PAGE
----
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Motriz: Revista de Educação Física

On-line version ISSN 1980-6574

Motriz: rev. educ. fis. vol.20 no.3 Rio Claro July/Sept. 2014

http://dx.doi.org/10.1590/S1980-65742014000300014 

Original Article

Postural control during one-leg stance in active and sedentary older people

Leonardo George Victorio Victor

Márcio Rogério de Oliveira

Denilson de Castro Teixeira

Maria Amélia Paes

Dirce Shizuko Fujisawa

Nuno de Noronha da Costa Bispo

Rubens Alexandre da Silva Junior

1University of North of Paraná, Londrina, Brazil

2State University of Londrina, Brazil

3University of North of Paraná, Londrina, Brazil

ABSTRACT

Physical inactivity and aging are functional disability factors for older individuals, causing loss of balance and increasing the risk of falls. The purpose of this study was to compare the balance of physically independent older individuals, both participants and non-participants in a regular exercise program. Fifty six physically independent older participants were divided into G1ACTIVE = 28 individuals who participate in a regular exercise program and G2SEDENTARY = 28 individuals who did not participate in any physical exercise program. All participants underwent an eyes-open during one-leg balance test on a force platform. The postural oscillation parameters included center of pressure (COP); sway mean velocity and frequency of COP oscillations. G2 SEDENTARY showed higher postural instability than G1ACTIVE. Significant differences were observed for the main balance parameters. The results of this study support the concept that participation in regular physical activity is beneficial for postural balance of older individuals.

Key words: postural balance; aging; movement; exercise

RESUMO

"Controle postural durante suporte unipodal em idosos ativos e sedentários." A inatividade física e o envelhecimento são fatores de incapacidade funcional em idosos, causando perda de equilíbrio e aumentando o risco de quedas. Esta pesquisa comparou o equilíbrio postural de idosos fisicamente independentes, participantes e não participantes de um programa de exercício físico regular. Cinquenta e seis idosos fisicamente independentes foram divididos em G1Ativo (n = 28) participante de um programa de exercício físico regular, e G2Sedentário (n = 28) não inserido em programas de exercício físico. Todos os idosos foram avaliados durante a tarefa de equilíbrio, em apoio unipodal sobre uma plataforma de força, mediante os parâmetros de oscilação posturais centro de pressão (COP), oscilação da velocidade média e frequência de oscilação do COP. O G2 mostrou maior instabilidade postural que o G1. Foram observadas diferenças significativas para os principais parâmetros de equilíbrio. Os resultados levam a conclusão de que um programa de atividade física regular é benéfico para o equilíbrio postural de idosos.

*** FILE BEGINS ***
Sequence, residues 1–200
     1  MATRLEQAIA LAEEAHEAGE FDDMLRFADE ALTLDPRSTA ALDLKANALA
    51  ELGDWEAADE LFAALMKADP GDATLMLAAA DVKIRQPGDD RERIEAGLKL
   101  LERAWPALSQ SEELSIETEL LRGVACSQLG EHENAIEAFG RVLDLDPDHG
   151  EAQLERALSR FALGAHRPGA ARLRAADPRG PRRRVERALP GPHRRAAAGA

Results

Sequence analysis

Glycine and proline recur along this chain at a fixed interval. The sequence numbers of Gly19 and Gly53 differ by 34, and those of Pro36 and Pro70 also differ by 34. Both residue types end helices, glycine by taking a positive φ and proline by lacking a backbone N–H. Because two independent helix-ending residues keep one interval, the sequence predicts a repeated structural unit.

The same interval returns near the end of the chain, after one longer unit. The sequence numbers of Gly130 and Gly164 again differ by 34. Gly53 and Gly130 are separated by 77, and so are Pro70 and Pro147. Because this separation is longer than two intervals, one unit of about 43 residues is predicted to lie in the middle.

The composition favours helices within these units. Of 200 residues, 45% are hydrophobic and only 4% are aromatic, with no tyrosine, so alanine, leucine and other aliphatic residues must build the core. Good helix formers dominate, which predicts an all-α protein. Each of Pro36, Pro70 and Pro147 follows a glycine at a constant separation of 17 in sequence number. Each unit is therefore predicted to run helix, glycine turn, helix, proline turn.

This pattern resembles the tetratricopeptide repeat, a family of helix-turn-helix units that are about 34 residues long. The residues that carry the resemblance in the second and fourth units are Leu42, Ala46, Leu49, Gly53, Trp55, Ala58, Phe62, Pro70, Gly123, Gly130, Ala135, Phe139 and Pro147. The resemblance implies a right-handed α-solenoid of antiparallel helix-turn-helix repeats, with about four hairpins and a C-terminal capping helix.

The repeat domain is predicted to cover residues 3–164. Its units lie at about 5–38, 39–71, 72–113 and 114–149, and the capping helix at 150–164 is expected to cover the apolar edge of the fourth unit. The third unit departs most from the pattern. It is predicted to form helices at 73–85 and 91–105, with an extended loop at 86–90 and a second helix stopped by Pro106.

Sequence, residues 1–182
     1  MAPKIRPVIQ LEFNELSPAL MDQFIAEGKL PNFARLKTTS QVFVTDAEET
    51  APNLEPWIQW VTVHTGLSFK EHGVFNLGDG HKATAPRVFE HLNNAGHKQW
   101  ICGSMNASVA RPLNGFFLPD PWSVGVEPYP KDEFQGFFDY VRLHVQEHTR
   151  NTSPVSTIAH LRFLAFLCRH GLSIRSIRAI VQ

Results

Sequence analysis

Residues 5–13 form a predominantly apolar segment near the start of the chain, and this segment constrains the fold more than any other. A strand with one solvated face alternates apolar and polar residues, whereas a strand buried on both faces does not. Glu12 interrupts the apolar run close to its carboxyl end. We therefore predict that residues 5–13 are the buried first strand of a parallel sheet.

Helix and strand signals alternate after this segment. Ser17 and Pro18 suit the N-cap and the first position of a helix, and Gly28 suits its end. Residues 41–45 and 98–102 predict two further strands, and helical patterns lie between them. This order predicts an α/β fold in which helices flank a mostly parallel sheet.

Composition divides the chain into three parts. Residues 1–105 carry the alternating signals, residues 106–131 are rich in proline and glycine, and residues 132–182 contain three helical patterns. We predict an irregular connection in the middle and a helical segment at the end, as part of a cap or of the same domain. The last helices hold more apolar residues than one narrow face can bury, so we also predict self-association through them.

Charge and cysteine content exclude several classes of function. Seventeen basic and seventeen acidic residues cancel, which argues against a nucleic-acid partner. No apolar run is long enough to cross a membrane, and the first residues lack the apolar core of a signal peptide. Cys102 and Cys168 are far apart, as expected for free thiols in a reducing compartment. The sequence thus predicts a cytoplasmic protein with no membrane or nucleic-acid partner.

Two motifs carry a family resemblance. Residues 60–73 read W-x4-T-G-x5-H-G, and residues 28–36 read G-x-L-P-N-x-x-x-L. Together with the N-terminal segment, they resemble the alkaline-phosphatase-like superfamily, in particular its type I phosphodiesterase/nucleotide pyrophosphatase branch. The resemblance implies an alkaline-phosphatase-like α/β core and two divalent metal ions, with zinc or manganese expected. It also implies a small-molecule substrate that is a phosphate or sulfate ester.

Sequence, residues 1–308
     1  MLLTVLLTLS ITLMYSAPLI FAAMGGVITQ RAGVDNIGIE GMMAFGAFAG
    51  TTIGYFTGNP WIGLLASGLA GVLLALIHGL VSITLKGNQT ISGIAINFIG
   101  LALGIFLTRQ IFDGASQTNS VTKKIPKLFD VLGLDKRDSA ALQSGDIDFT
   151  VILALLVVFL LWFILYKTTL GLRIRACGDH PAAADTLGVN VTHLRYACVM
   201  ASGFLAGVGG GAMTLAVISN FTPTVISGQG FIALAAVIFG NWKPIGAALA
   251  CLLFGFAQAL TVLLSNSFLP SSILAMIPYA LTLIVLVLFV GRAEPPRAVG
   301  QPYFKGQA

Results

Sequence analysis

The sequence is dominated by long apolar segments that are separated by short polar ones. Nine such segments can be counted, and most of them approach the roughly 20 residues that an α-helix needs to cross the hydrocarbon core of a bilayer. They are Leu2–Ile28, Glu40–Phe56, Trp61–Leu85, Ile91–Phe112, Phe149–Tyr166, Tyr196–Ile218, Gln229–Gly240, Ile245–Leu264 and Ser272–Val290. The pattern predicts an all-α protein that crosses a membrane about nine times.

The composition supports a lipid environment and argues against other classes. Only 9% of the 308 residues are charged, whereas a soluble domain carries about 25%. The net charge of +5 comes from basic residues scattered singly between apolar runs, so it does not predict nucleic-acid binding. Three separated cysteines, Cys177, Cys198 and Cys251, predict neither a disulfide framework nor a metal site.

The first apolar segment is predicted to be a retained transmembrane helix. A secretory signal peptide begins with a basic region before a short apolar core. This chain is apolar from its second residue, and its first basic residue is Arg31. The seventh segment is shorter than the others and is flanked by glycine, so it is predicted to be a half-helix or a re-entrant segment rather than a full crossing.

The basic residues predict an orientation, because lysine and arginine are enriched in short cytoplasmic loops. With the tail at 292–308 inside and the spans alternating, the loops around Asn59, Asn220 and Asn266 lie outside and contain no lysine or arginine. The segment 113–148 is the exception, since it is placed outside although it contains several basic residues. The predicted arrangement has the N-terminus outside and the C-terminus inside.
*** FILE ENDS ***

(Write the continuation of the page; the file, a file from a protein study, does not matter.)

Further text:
Palavras-Chave: equilíbrio postural; envelhecimento; movimento; exercício

RESUMEN

"El control postural durante la pata de apoyo único en activo y sedentario ancianos." La inactividad física y el envejecimiento son factores de discapacidad en los ancianos, causando la pérdida de equilibrio y aumentar el riesgo de caídas. Esta investigación comparó el equilibrio postural en personas mayores físicamente independientes, que participan y que no participan en un programa de ejercicio regular. Cincuenta y seis ancianos físicamente independientes fueron divididos en G1activo (n = 28) que participo en un programa de ejercicio regular, y G2sedentario (n = 28) no incluido en los programas de ejercicio físico. Todos ellos fueron evaluados para la tarea de mantener el equilibrio sobre un pie, sobre una plataforma de fuerza, utilizando los parámetros del centro de balanceo postural de la presión (COP), la velocidad media y la frecuencia de oscilación. G2 mostró una mayor inestabilidad postural que el G1. No se observaron diferencias significativas en los principales parámetros de equilibrio. Los resultados llevan a la conclusión de que un programa de actividad física regular es beneficioso para el equilibrio postural en los ancianos.

Palabras-clave: equilibrio postural; envejecimiento; movimiento; ejercicio

Introduction

Due to the aging process, the neuromuscular system undergoes physiological and morphological alterations (Jiang, Cooper, Porter, & Ready, 2004) that lead to decreased muscle performance and functional capacity. Combined with a sedentary lifestyle, these alterations reduce the functional reserve capacity of older individuals, making them physically weaker, slower and with reduced motor coordination when compared to young adults (Enoka, 1994). Postural control also deteriorates during the aging process. Intrinsic factors related to neuromuscular control, as well as extrinsic factors such as the environment may result in loss of balance and, consequently, in falls. Some studies suggest that postural instability is one of the most common causes of falls among older individuals (Viswanathan & Sudarsky, 2012). Falls currently represent one of the largest public health problems (Hsiao & Simeonov, 2001; Lord, Sherrington, & Menz, 2001) and are the main causes of death among older individuals (Morley, 2007).